The cloud isn’t all public services like Azure and Amazon Web Services. Within enterprises, OpenStack has become the de facto cloud platform for open source private clouds. It also has a strong story on integration with the public cloud.
OpenStack followers (and those reading DCD’s coverage of the platform) should be aware of all this. But the latest OpenStack summit, in Sydney last week, exposed some revealing use cases from the Asia Pacific region. The conference also heard from a user that found OpenStack was actually a better platform than the public cloud for a particular application - and migrated off the public platform.
OpenStack in combination
OpenStack leaders are clear about the role of public cloud. “In computer architecture, the need for scale trumped the need for speed. Cloud computing has clearly won, and companies are adapting to the new paradigm,” declared Lew Tucker, the vice president and CTO of cloud computing at Cisco in the summit keynote.
But while the public cloud providers would have you believe that the only viable option is an all-cloud deployment, Tucker noted that 94 percent of organizations today are using multiple clouds. And it should probably come as no surprise that OpenStack, the open source platform for cloud computing is heavily used in combination with a lot of these cloud components.
A Cloudify survey (pdf) of 700 IT professionals found that the most popular two-cloud combination is Amazon Web Services (AWS) and OpenStack, while 86 percent of cloud service providers in a Heavy Reading Survey cited OpenStack as being essential or important to their organization’s success.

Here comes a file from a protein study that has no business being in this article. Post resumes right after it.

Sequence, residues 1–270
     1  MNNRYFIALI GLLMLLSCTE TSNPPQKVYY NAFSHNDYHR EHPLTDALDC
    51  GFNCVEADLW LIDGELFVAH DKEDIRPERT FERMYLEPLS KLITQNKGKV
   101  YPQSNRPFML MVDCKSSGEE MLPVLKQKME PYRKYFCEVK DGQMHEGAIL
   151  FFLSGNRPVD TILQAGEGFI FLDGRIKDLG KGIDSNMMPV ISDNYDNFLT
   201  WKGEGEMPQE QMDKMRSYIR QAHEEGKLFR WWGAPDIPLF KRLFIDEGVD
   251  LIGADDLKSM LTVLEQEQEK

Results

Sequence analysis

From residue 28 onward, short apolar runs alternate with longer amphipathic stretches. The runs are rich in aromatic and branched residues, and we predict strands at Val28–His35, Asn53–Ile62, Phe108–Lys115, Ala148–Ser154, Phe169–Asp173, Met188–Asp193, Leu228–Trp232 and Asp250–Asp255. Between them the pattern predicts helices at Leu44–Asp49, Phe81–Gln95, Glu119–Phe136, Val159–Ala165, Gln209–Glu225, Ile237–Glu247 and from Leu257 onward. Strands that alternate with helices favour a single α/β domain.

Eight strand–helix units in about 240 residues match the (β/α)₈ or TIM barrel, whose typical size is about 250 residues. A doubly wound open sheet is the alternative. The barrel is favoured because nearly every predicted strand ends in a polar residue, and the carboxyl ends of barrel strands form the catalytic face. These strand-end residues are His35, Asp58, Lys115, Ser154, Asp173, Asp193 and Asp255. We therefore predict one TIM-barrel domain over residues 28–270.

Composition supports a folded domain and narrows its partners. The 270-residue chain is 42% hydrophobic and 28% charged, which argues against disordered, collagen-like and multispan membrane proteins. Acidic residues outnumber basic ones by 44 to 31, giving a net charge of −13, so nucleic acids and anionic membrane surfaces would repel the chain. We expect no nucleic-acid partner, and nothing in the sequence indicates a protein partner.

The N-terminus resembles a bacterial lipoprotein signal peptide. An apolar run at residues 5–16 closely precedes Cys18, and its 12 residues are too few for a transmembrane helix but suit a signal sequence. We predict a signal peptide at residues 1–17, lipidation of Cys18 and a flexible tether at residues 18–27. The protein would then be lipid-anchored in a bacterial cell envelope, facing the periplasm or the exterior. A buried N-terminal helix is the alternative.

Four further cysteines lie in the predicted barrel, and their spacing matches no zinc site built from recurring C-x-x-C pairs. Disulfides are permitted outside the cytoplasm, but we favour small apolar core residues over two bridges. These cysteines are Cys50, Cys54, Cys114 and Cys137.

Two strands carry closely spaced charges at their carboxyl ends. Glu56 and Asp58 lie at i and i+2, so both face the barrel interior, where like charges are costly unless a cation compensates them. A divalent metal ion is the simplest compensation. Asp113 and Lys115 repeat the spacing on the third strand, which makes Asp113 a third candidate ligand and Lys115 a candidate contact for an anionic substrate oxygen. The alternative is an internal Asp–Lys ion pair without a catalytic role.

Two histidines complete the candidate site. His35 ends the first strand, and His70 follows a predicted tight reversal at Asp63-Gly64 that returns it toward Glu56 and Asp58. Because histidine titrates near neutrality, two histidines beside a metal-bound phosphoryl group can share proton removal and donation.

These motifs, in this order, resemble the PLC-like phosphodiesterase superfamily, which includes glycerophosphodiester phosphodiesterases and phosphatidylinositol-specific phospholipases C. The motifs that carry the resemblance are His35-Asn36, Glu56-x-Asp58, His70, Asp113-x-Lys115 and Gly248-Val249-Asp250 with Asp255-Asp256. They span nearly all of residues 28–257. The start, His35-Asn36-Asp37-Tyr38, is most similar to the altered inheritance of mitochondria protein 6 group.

“OpenStack today is the unified platform for multi-cloud management, including container management. Besides ‘free’ and ‘open’, we also like its abstraction of APIs and the plug-in system, which is very important for us,” said Yaguo Zhou, a senior cloud architect at China UnionPay about his organization’s use of OpenStack.
There are also real-world savings to be obtained from the private cloud platform, too. A team of 76 members at China’s Tencent developed the OpenStack-based TStack private cloud platform, and used it to provide services for internal IT and testing environments, and hybrid cloud services for government departments and enterprises in China. The team managed to cut server costs by 30 percent and operational costs by 55 percent, explained Bower Liu, the chief architect of TStack.
When OpenStack beats public cloud
Elsewhere, some users are migrating large public cloud deployments back to private clouds run on OpenStack. Adobe, for instance, brought the Demand Side Platform (DSP) component of its Advertising Cloud in house. A team of just four people deployed OpenStack to build a massive private cloud of 100,000 compute cores to run 90 percent of the Advertising Cloud’s real-time bidding processes – with plans to move to 100 percent soon.
“A DSP platform has a lot of storage, a very strong latency requirement. We wanted to get where we wanted to be [with a cloud that can be] managed with a small team. The cost was a driver,” said Nicolas Brousse, the director of operations engineering of Adobe’s Advertising Cloud business to DCD.
Brousse explained that the DSP platform was hosted on a popular public cloud platform since 2008. However, cost and performance considerations that remained unresolved compelled the team to seek out alternative solutions. He said: “The move was an executive decision based on TCO analysis. We worked with our public cloud provider for years; we challenged them [to resolve our concerns]. We were trying not to move in-house.”
After exploring options in earnest from 2013, the actual move back to its own data center took place in 2015 with a single data center. Once the design and cost savings were validated, things started moving quickly and the team built another three data centers in 2016 and two more this year. However, the team stressed that they are still happy to use the public cloud where it makes sense to.